Turner Veterinary Clinic News
Wellness Visits and Preventive Care Exams
Just as growing children and adults at various stages need regular preventive care, the same is true of our pets. Puppies and kittens will likely have several visits during their first year of life to ensure they are off to a great start and to receive both required and optional vaccinations. These appointments are also a good opportunity to discuss behavioral concerns and get started on a proactive parasite prevention plan.
Adult dogs and cats should come in for a preventive care exam at least once a year. Pets reach middle age when they are around seven years old and the senior years by age ten (this varies by breed). We recommend bi-annual preventive care exams starting at age seven. This gives us the chance to detect common age-related diseases as early as possible and to intervene to give your pet a more comfortable and healthy life.
Prevent Parasites All Year Long
Some pet owners assume that they can stop parasite prevention treatment during the winter months because their pets don’t go outside as much. The American Veterinary Medical Association recommends that people continue to use products to kill fleas, ticks, heartworm, and other highly devastating parasites all year long. We understand it can be a challenge to determine which products are most appropriate for your pet and will work with you and your pet to determine the appropriate products based on age, health and lifestyle.
Professional and At-Home Dental Care
Imagine the terrible condition your teeth would be in if you didn’t brush them daily, or even more so, for your entire life. Unfortunately, some dogs and cats do go a lifetime with no routine oral healthcare. It’s important to establish a tooth brushing routine with your pet as soon as he or she comes to live in your home. You might be surprised at how quickly your pet will come to accept it if you’re consistent, gentle, and offer plenty of praise (TREATS!) for cooperation. Just be certain to use the right size of toothbrush and proper toothpaste for your pet’s species.
Pets also benefit from an annual dental appointment that includes professional cleaning of their teeth. This is typically done under anesthesia to allow for deeper cleaning below the gumline and to ensure the pet’s cooperation with the process.
Relax and Enjoy Your Pet
Although having a pet comes with much responsibility, it is a relationship that brings great joy. In 2019, resolve to spend as much one-on-one time as possible with your pet to help deepen your bond. The rewards are priceless!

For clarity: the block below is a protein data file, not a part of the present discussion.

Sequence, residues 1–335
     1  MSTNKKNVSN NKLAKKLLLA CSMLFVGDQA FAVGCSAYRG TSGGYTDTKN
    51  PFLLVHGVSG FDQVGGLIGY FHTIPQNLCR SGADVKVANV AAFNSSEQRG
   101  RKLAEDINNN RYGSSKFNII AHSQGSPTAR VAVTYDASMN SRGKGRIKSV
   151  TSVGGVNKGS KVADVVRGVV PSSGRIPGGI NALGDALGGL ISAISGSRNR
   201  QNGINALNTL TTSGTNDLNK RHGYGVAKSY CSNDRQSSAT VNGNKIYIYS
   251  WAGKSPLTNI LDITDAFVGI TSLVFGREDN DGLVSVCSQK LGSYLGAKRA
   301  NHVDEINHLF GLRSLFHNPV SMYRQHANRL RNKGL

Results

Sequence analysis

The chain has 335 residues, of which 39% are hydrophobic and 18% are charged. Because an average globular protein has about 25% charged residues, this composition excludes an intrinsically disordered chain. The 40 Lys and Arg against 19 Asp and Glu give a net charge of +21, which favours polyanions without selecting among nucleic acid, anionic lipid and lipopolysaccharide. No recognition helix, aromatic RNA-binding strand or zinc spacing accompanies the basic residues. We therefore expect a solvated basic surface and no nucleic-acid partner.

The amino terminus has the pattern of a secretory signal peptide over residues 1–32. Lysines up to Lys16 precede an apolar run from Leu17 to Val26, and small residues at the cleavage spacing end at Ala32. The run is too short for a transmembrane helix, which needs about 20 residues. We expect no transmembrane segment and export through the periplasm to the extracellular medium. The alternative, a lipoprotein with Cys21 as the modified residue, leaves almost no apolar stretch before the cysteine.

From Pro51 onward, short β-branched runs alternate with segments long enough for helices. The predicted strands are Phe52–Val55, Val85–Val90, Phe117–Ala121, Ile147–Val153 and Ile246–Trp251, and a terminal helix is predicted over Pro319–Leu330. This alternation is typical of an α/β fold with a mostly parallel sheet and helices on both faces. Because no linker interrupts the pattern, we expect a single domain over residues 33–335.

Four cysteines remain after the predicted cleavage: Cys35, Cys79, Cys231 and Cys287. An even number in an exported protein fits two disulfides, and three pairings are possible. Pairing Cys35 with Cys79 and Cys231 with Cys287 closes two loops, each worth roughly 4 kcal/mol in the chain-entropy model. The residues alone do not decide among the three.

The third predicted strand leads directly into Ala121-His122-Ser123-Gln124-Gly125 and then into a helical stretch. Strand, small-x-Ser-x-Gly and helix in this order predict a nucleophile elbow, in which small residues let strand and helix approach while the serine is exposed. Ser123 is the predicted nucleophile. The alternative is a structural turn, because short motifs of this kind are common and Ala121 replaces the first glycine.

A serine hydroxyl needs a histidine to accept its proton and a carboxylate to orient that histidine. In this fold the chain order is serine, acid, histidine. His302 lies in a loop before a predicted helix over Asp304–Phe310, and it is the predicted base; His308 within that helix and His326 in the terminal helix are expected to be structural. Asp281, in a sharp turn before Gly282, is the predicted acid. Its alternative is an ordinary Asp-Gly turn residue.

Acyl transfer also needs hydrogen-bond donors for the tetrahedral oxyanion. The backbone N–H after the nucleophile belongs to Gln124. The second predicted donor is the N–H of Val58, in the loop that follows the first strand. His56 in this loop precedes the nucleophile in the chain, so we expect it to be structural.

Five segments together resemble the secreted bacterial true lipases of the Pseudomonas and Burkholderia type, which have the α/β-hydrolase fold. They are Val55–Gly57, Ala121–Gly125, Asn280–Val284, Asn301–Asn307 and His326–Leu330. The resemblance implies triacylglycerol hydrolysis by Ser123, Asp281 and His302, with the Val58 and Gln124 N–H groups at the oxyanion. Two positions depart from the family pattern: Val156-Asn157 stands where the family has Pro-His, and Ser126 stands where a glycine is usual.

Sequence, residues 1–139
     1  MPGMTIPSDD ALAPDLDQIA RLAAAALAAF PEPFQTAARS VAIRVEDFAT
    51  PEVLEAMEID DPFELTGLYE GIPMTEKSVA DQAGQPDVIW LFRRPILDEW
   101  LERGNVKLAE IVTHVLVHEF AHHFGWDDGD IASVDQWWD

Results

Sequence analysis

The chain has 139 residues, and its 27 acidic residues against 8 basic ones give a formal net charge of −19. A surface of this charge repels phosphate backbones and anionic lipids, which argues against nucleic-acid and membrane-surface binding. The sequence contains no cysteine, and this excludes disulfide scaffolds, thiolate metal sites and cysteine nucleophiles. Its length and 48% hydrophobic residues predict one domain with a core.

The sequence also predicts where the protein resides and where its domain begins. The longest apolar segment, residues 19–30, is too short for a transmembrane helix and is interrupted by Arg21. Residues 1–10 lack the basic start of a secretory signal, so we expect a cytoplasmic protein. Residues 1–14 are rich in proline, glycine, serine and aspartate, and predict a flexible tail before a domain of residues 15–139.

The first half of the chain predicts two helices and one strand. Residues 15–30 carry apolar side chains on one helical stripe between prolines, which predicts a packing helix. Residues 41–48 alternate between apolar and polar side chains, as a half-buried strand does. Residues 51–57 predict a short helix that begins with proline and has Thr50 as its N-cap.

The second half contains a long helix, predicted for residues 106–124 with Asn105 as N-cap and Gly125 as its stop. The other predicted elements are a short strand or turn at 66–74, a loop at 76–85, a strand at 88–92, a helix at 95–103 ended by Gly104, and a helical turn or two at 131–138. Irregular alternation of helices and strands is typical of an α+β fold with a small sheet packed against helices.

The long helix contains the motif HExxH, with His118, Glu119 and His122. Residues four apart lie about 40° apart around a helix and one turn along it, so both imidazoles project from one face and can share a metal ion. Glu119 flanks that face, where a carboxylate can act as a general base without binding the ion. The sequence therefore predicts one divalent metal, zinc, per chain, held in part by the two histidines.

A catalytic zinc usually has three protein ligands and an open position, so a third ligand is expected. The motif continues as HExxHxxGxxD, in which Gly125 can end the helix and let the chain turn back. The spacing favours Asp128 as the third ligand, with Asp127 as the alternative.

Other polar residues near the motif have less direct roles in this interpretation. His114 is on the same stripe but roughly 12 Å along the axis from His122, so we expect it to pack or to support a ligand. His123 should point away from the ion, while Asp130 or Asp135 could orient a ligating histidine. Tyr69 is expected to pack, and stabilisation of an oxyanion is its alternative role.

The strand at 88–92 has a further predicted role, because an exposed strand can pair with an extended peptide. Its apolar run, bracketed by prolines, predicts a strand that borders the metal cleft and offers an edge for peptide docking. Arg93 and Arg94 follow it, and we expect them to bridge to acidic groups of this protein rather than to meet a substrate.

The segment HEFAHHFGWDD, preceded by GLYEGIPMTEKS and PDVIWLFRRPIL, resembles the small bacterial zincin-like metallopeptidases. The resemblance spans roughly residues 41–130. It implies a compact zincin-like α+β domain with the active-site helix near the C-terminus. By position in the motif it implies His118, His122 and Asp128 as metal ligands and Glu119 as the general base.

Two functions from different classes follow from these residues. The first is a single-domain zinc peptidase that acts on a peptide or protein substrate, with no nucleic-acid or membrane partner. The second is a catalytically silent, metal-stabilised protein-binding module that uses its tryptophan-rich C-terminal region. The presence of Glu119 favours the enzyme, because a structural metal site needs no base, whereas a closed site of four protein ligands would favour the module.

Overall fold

To schedule an appointment with Turner Veterinary Clinic, please call 269-962-9955.
Image credit: Pixabay
It crosses every pet owner’s mind: “Is my pet in pain?” And this question comes up more and more as our pets get older. One of the most difficult things about being a pet owner is that our pets cannot verbalize how they’re feeling. This leads us to wonder if our dogs and cats are living their best lives. The last thing you want is your pet struggling with chronic or acute pain, after all. And while your pet will likely never learn to speak human, they often send more subtle signs that they’re in pain. Here are 3 of the most common signs that your pet is in pain:
As you’re shopping for the holiday season, you may ask yourself, “What’s the best gift I can give my pet?” While pet sweaters are cute and can make for adorable holiday cards, we believe the best present a pet parent can gift their pet is a healthy, happy life. When you invest in your pet’s wellbeing, you’re giving the most heartfelt gift a pet could ask for (if they knew how to speak). As a pet parent, you are your pet’s advocate for a better life. You’re like Santa but better--you have the opportunity to make your pet merrier every day of the year.
The dog days of summer are here. For many, this season comes with endless possibilities for having fun with your pets, like picnics, nature walks, and swimming pools. After being stuck at home for so long due to COVID-19, we bet you’re looking to break up the boredom with some outdoor adventures.
March is Pet Poison Prevention Month. Many pet parents are surprised by the number of seemingly harmless items around the house that can cause serious injury or death for cats and dogs. To help you march through this spring and into the rest of the year with a safer home for your animal companions, here are the most common and dangerous household poisons to keep away from your pets.
Did you know that February is National Pet Dental Health Month? We love that this month is devoted to your canine’s canines, your kitty’s chompers, and your pet’s pearly whites. While your companion’s mouth may be a source of kisses and smiles, pet parents may overlook how much their pet’s dental health affects their overall well-being.